It was thought for a long time that physical features obtain by organisms during their lifetime couldn’t reach their successors. Recently, however, such a belief of inheritance of obtained characteristics has enhanced.
Many types of research showcase how the next generation of rats or small worms inherit behaviors from their parents. Such a thing happens due to specific environmental stimuli, even when the incentive is nowhere to be identified in the offspring’s successors.
The present theory is further raised by recent researches led by a team from the National University of Singapore (NUS). The team discovered that the inheritance of obtained features also occurs in butterflies, especially in the Bicyclus anynana brown butterfly.
Butterflies’ Way With Perfume Preferences
As two research teams united, we learn that something is quite peculiar yet spectacular at the Bicyclus anynana caterpillars and adult butterflies. The creatures can get to prefer other scents of they are flashed to them during their growth.
Researchers also discovered that the children of the exposed butterflies and caterpillars display similar new favorites as their parents. And such a thing happens, even if they weren’t flashed themselves, showing that their parents have passed their newly obtained choices to their offsprings.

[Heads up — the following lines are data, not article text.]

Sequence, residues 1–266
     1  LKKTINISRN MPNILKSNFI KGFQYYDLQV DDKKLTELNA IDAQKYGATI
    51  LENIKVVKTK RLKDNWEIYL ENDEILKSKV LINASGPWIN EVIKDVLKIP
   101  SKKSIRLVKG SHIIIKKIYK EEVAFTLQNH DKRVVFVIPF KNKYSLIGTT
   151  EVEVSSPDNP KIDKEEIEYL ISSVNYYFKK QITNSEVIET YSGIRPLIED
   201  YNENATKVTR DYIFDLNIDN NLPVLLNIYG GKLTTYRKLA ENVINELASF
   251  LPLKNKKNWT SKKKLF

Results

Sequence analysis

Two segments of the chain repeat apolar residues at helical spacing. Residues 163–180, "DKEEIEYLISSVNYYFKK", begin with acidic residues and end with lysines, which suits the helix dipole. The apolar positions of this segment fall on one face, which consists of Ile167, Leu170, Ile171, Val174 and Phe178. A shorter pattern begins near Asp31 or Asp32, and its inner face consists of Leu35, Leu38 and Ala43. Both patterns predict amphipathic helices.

Getting Used to New Scents for Mating and Nurturing
In the first research, NUS student M V. Gowri, and other collaborators exposed butterflies and caterpillars to new scents they usually don’t encounter in their environment. In the tests, caterpillars received corn leaves, their typical food, coated with mango concentrate, and bananas throughout their evolution. Most of the caterpillars chose to feed on leaves with the fruit juice after only a few days.
In the second research, Dr. Dion and her team exposed young female butterflies to the latest sex pheromone mixture, a smell made by males to attract females to mate with them. The results indicated that the exposed females later chose to mate with males that got that specific pheromone compound.
“These results are significant because they show that insects are not only driven by their instincts but can also learn from their previous experience and adjust their future behavior accordingly,” explained Dr. Dion.
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